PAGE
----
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Developing entrustable professional activities for family medicine training in South Africa

Louis S. Jenkins, Robert Mash, Ts'epo Motsohi, Mergan Naidoo, Tasleem Ras, Richard Cooke, Hanneke Brits
South African Family Practice | Vol 65, No 1 : Part 1| a5690 | DOI: https://doi.org/10.4102/safp.v65i1.5690 | © 2023 Louis S. Jenkins, Robert Mash, Ts’epo Motsohi, Mergan Naidoo, Tasleem Ras, Richard Cooke, Hanneke Brits | This work is licensed under CC Attribution 4.0
Submitted: 01 December 2022 | Published: 17 February 2023

About the author(s)

Louis S. Jenkins, Department of Family and Emergency Medicine, Faculty of Medicine and Health Sciences, Stellenbosch University, Cape Town, South Africa; and, Primary Health Care Directorate, Department of Family, Community and Emergency Care, Faculty of Health Sciences, University of Cape Town, Cape Town, South Africa; and, Department of Family and Emergency Medicine, George Hospital, Western Cape Department of Health, George, South Africa
Robert Mash, Department of Family and Emergency Medicine, Faculty of Medicine and Health Sciences, Stellenbosch University, Cape Town, South Africa
Ts'epo Motsohi, Department of Family and Emergency Medicine, Faculty of Medicine and Health Sciences, Stellenbosch University, Cape Town, South Africa
Mergan Naidoo, Discipline of Family Medicine, School of Nursing and Public Health, College of Health Sciences, University of KwaZulu-Natal, Durban, South Africa
Tasleem Ras, Division of Family Medicine, Department of Family, Community and Emergency Care, Faculty of Health Sciences, University of Cape Town, Cape Town, South Africa
Richard Cooke, Department of Family Medicine and Primary Care, Faculty of Health Sciences, University of the Witwatersrand, Johannesburg, South Africa
Hanneke Brits, Department of Family Medicine, Faculty of Health Sciences, University of the Free State, Bloemfontein, South Africa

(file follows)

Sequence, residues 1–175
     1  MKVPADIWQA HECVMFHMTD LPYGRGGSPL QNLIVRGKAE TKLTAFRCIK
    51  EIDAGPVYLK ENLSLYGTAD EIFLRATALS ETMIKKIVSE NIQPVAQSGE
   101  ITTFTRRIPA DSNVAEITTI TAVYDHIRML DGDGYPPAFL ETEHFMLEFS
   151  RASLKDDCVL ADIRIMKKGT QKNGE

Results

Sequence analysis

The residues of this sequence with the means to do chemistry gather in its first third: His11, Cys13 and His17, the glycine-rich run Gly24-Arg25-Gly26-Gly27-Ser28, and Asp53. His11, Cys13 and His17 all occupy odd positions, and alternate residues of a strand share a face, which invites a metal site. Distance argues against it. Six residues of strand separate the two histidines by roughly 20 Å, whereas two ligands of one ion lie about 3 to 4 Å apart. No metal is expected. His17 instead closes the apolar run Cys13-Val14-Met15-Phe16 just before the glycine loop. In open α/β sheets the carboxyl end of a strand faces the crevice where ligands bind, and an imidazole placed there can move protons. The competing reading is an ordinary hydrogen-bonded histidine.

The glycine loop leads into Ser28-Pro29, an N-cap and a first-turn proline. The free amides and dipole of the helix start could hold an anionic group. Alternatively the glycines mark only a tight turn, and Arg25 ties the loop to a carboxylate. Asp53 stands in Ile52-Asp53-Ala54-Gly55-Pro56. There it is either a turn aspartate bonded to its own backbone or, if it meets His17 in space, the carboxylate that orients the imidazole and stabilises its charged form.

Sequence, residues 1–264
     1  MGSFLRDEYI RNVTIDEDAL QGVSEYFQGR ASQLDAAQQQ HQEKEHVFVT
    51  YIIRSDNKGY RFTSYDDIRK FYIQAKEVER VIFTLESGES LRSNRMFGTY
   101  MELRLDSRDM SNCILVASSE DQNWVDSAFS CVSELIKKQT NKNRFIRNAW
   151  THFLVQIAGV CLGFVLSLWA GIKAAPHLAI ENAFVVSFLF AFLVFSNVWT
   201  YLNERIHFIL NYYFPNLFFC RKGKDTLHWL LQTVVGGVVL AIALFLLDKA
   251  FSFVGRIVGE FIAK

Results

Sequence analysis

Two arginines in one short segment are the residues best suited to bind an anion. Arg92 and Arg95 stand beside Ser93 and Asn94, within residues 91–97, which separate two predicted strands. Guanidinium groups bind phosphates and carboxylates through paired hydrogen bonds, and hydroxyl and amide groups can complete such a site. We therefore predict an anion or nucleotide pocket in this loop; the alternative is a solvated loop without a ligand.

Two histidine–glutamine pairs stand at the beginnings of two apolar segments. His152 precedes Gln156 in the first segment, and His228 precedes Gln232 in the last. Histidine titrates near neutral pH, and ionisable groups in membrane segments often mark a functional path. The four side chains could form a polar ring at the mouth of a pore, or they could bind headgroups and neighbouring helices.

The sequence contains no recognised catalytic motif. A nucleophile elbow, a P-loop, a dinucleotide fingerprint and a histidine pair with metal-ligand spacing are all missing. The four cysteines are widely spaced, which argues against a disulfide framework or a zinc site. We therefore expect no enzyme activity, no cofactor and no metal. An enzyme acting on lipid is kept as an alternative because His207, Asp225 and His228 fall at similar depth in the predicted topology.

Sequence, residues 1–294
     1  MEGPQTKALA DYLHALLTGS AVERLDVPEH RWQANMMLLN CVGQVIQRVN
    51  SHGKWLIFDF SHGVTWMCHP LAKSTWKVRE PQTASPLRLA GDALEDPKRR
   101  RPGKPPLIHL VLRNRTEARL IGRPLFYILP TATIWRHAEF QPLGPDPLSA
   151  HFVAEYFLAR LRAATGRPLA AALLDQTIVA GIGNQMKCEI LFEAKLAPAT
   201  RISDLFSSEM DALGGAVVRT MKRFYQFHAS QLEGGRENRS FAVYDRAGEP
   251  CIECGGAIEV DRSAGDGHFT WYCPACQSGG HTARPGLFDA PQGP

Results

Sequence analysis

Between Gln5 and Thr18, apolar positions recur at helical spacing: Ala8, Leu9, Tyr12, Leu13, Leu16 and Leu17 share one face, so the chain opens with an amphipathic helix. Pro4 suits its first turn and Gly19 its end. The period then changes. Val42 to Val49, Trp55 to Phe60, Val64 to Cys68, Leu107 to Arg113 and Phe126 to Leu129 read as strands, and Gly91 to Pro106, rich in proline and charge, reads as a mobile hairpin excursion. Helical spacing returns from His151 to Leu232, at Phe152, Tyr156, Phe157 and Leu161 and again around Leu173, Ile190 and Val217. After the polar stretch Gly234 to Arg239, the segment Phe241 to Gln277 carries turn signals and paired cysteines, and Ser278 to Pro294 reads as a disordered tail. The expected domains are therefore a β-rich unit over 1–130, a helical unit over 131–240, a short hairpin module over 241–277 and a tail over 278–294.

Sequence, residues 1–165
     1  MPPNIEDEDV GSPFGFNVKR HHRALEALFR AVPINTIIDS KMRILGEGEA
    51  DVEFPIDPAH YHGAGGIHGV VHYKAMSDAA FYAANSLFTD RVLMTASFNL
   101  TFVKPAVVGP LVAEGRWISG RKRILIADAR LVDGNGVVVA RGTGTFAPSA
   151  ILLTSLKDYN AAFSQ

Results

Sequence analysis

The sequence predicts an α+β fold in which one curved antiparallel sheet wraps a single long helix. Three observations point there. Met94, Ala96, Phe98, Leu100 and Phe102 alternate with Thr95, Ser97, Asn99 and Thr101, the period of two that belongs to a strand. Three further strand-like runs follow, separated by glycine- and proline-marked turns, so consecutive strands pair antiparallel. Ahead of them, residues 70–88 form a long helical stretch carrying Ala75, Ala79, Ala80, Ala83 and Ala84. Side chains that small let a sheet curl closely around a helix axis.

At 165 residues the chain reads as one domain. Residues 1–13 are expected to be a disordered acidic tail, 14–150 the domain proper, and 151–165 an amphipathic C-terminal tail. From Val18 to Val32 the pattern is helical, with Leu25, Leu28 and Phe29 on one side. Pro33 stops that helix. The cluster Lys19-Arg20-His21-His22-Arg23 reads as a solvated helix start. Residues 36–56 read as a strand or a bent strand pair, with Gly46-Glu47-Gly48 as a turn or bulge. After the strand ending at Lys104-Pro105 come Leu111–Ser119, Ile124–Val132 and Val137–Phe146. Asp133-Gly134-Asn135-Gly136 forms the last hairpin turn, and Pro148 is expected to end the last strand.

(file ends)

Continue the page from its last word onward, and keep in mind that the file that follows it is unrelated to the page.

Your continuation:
Abstract

Workplace-based assessment (WPBA) is becoming part of high-stake assessments in specialist training. Entrustable professional activities (EPAs) are a recent addition to WPBA. This is the first South African publication on developing EPAs for postgraduate family medicine training. An EPA is a unit of practice, observable in the workplace, constituting several tasks with underlying knowledge, skills and professional behaviours. Entrustable professional activities allow for entrustable decisions regarding competence in a described work context. A national workgroup representing all nine postgraduate training programmes in South Africa has developed 19 EPAs. This new concept needs change management to understand the theory and practice of EPAs. Family medicine departments with large clinical workloads are small, necessitating navigating logistical issues to develop EPAs. It has unmasked existing workplace learning and assessment challenges.

Contribution: This article contributes new thinking to developing EPAs for family medicine in an effort to understand more authentic WPBA nationally.

 


Keywords

entrustable professional activities (EPAs); family medicine; specialist; training; South Africa

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